Towson resident Sophia Wilhelmi, 15, had her ticket to the midnight premiere of "Harry Potter and the Deathly Hallows Part 2" long before she showed up at Regal Cinemas in Hunt Valley.
But she wanted to be first in line so she'd get a good seat in the auditorium, so she arrived at the theater at 12:30 p.m. — 11-and-a-half hours before the movie was to begin.
Monkton resident Brittany Falkowitz, 24, was thinking the same thing, however, and when the two saw one another in the parking lot and knew what the other was up to, both sprinted to the wall near the entrance to be first.
"We just wanted to be the first one to line up," Falkowitz said.
"It's important," Sophie said.
"It's our last chance to do this kind of thing," Falkowitz said, fidgeting with a wand she bought at the Wizarding World of Harry Potter in Orlando.
By 4 p.m., the pair were at the front of a line of a dozen.
By 6 p.m. it was more like 50 people.
By 7 p.m., more than 100 people, with more people in Hogwarts robes and character costumes arriving every few minutes.
"Deathly Hallows, Part 2" is the eighth and final film in the Harry Potter series, but while the global phenomenon of the books and films have lasted more than a decade, true fans aren't exactly suffering from Harry Potter fatigue.
Sophia, a student at Towson High School, said she's been a fan of Harry Potter, "since the books came out."
She wasn't old enough to read the huge tomes, but her father was reading it, as was her brother, Dean, 18, who sat with her in line July 14.
"My family has been totally Harry Potter influenced," Sophia said.
"Of course I'm a geek about it — it's affected how I think about things," she said.
Sophia said she has more imagination and is more open-minded because of the Harry Potter world.
Falkowitz was old enough to read the books herself when they were first released.
"I was 11 when the books came out," she said. "I was exactly the same age as Harry was in the book."
Falkowitz has to enjoy this last bit of Potter craziness because she talks about Harry Potter so much at home that it irritates her husband.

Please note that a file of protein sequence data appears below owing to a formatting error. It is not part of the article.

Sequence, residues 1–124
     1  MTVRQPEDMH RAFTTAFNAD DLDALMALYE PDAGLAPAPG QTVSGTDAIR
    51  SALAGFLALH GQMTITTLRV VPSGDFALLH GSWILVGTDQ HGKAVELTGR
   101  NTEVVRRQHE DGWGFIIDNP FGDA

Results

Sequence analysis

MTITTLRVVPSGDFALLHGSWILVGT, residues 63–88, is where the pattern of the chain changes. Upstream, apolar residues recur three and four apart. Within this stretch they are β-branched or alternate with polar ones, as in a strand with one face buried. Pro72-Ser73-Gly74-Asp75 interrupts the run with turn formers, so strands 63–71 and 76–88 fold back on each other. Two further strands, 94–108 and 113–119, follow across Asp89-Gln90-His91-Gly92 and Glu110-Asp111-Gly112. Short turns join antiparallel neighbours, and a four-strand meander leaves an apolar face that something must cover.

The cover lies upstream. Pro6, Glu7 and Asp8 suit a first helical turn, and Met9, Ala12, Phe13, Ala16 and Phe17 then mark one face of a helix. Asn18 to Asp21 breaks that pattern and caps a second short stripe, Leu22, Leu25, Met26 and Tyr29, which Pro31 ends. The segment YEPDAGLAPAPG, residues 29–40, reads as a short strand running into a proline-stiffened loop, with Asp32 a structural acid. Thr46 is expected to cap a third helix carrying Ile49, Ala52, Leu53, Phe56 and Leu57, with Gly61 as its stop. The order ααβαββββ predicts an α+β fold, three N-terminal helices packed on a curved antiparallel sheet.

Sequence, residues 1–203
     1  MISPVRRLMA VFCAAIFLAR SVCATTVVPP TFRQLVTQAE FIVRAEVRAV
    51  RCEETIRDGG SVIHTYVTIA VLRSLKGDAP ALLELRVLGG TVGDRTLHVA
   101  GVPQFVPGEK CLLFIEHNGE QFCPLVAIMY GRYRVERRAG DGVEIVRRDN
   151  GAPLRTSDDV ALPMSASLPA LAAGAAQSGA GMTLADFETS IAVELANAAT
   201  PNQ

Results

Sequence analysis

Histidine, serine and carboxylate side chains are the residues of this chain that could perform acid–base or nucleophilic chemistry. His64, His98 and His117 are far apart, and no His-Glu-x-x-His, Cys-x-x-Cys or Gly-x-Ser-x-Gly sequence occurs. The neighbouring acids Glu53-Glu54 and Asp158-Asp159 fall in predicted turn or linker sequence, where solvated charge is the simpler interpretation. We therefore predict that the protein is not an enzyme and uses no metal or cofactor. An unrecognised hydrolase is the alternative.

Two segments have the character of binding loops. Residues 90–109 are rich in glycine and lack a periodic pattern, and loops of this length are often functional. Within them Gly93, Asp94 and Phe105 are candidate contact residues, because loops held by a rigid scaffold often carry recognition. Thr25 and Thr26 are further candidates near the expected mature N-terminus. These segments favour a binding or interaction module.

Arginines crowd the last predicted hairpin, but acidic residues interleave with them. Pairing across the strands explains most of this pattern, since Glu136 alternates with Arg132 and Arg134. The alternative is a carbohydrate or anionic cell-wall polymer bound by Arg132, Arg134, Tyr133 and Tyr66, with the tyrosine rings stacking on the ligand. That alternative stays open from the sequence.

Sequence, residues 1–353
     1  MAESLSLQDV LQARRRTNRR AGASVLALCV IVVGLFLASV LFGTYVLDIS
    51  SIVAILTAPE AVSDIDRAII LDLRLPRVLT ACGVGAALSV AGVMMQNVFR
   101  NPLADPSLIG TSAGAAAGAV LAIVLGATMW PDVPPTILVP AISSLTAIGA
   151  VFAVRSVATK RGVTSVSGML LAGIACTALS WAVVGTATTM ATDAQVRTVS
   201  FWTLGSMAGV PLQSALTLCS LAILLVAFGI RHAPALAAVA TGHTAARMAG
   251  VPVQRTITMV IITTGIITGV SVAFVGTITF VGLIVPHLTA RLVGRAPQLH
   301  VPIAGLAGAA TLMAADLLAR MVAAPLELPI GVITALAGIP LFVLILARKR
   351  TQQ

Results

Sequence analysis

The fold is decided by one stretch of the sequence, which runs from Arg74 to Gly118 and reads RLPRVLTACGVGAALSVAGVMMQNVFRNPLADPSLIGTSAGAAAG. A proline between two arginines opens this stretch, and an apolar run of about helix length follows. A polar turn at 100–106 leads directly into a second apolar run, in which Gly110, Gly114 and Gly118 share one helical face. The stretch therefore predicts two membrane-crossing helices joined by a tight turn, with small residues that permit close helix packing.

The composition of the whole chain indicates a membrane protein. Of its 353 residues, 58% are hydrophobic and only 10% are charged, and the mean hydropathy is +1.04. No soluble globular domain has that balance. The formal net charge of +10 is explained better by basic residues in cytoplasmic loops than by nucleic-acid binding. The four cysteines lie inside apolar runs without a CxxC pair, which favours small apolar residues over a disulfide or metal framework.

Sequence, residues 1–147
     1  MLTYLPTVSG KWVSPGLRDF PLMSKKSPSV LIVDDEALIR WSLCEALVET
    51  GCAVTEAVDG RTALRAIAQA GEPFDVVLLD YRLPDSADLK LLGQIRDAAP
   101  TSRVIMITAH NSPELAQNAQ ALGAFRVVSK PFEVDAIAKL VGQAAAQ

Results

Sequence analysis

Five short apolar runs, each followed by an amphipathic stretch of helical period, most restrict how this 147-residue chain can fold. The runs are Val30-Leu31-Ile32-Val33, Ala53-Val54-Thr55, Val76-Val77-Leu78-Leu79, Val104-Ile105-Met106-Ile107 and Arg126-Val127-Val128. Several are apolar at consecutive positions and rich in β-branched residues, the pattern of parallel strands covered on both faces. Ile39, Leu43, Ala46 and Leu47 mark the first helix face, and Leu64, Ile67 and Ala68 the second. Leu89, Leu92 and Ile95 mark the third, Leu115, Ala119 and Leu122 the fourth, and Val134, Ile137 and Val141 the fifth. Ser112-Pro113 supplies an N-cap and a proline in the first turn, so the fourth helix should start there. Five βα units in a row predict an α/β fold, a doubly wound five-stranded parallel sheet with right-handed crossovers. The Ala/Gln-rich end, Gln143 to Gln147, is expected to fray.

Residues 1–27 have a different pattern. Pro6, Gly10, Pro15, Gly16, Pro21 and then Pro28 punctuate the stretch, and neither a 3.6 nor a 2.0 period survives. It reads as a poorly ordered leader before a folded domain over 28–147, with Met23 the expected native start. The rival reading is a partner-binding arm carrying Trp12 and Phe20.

"Every time I bring it up, he's like 'Enough Harry Potter,' " she said with a laugh.
But these hours of waiting in the shade of a movie theater are a joy, and not the least of which because of the camaraderie.
"None of us knew each other, and now we've all been talking for four hours," Sophie said.
"We all know what's going to happen, but we're wondering how they're going to interpret (the books)," Falkowitz said.
Maryvale Preparatory School graduate and Finksburg resident Katie Geppi, 18, arrived at the theater around 2 p.m. She's a little sad about having no more Harry Potter tales to look forward to.
"I've been reading Harry Potter since, like, first grade," Geppi said.
"My mom was reading it to my older brother," she said. "Ever since I was, like, 5, I was in the Harry Potter world."
Geppi has loved the characters, as well as the excitement of looking forward to the next part of the story to come out.
"I've known those characters for so long, I feel like I know Harry, Hermione and Ron just like I know my friends here," she said.
Geppi knows she's not alone.
"It has defined our generation in a way that it won't the next because they won't be able to wait for the next one," Geppi said.
"The younger generation, I'm sure there's going to be something that comes up as big as Harry Potter, but I think it's going to be a while before it happens," she said. "It was such a monumental experience."
By 7:45 p.m., there were about 200 people waiting to see the film, and the line stretched from the entrance around the side and all the way to the back of the building.
Towson resident Janie Brown, 16, said the close of the movie series was a bittersweet rite of passage in her life.
"'This is my childhood," she said, "ending right here."
WHAT DO YOU THINK?
Share you thoughts on the end of the Harry Potter saga — then come back after the movie and give us your own opening night "instant review" of "Deathly Hallows, Part 2."